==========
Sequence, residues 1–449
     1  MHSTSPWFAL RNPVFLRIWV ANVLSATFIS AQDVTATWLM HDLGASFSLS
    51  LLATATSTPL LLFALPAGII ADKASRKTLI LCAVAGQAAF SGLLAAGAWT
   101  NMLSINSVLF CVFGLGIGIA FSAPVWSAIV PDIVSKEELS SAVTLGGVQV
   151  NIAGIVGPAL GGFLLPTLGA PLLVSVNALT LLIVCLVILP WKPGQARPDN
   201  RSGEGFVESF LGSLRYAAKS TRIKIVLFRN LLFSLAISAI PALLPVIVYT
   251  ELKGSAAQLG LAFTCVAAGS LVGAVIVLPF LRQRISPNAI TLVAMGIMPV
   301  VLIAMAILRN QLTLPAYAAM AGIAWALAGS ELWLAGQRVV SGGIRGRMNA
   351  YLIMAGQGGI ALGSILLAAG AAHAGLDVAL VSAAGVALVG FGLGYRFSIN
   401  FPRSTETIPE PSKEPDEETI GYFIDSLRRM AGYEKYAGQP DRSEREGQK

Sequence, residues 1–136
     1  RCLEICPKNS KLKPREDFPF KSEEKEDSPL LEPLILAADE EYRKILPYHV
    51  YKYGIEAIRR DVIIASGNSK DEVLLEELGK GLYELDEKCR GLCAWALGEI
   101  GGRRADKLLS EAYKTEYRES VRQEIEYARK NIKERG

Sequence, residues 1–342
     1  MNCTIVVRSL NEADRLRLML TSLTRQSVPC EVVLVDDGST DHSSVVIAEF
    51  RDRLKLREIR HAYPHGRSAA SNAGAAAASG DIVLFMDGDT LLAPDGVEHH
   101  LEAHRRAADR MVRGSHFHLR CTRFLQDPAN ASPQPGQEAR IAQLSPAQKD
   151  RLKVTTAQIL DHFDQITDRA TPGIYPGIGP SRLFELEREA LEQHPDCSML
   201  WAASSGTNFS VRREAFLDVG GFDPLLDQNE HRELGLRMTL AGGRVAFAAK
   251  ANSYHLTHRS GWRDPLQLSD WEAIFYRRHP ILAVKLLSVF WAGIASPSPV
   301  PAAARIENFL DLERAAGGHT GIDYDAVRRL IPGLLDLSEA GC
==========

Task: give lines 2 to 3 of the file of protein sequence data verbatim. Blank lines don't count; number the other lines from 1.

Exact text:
     1  MHSTSPWFAL RNPVFLRIWV ANVLSATFIS AQDVTATWLM HDLGASFSLS
    51  LLATATSTPL LLFALPAGII ADKASRKTLI LCAVAGQAAF SGLLAAGAWT